By the time the first of them were recalling that, because they recognized none of the local authorities, they had no reason to heed this foreign trumpet, Ruy had managed to work his way between the brooding Russian cavalry and the bewildered ragtag collection of what appeared to be commoners playing at soldier. Raising a hand to hold back the Russians, the hidalgo half raised his sword in the direction of the ragged group who were clutching their weapons. “What is the meaning of this display?” He scrutinized them; even at his greater distance, Larry could now discern that many of them were quite young.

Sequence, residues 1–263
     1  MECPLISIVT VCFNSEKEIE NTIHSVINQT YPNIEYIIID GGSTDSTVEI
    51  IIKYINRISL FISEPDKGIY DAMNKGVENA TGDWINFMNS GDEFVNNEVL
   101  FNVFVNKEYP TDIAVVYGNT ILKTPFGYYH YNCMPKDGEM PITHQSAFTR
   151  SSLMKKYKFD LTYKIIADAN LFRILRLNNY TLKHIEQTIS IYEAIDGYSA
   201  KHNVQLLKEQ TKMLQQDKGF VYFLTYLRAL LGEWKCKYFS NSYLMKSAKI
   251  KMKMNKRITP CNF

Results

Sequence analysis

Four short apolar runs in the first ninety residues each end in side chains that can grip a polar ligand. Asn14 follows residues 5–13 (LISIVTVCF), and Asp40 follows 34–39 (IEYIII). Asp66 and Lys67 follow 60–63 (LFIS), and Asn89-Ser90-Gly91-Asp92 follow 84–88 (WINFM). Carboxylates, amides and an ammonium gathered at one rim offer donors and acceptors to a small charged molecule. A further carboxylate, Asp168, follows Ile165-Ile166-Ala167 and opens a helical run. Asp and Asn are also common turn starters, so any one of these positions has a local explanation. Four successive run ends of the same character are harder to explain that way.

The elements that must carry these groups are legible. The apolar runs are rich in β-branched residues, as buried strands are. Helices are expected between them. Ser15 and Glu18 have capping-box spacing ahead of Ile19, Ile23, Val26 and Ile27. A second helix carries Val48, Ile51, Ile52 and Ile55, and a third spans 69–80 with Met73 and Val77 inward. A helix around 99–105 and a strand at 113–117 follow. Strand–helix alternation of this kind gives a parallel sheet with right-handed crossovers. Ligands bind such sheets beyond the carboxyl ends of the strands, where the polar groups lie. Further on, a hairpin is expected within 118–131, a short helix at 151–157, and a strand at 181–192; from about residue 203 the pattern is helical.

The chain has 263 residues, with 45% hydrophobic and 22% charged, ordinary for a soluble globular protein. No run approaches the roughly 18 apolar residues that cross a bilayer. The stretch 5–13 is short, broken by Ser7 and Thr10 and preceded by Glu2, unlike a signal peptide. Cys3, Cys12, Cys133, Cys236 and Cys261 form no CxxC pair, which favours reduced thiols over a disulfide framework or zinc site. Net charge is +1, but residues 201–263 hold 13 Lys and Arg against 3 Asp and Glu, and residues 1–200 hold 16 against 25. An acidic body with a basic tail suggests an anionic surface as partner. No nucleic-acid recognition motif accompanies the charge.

Their apparent leader—a good looking young fellow with golden hair and a nose like a perfect right triangle—bowed. “If it please the captain, I am Ignaz von Meggen, the great-great-grandson of Yost von Meggen.” He said it with studied humility.

Ruy, who had been admirably prepared for every eventuality that had presented itself so far, suddenly seemed at a loss. “I see,” he said frowning.

Larry started moving forward, Sharon trailing a step behind him. Ruy was still struggling to find an adequate response. Clearly, the young man presumed that his family name would make his presence and intent clear. It was equally clear that he was coming to realize that this could not be further from the case.

More earnest than before, he attempted to provide greater clarity. “I refer to Jost von Meggen of Luzern.”

Larry spread his arms as he approached: a gesture someplace between a greeting and a blessing. “Young Herr von Meggen, I am not familiar with the families of the Swiss cantons. Perhaps you would be so kind as to acquaint me with the details of your own.”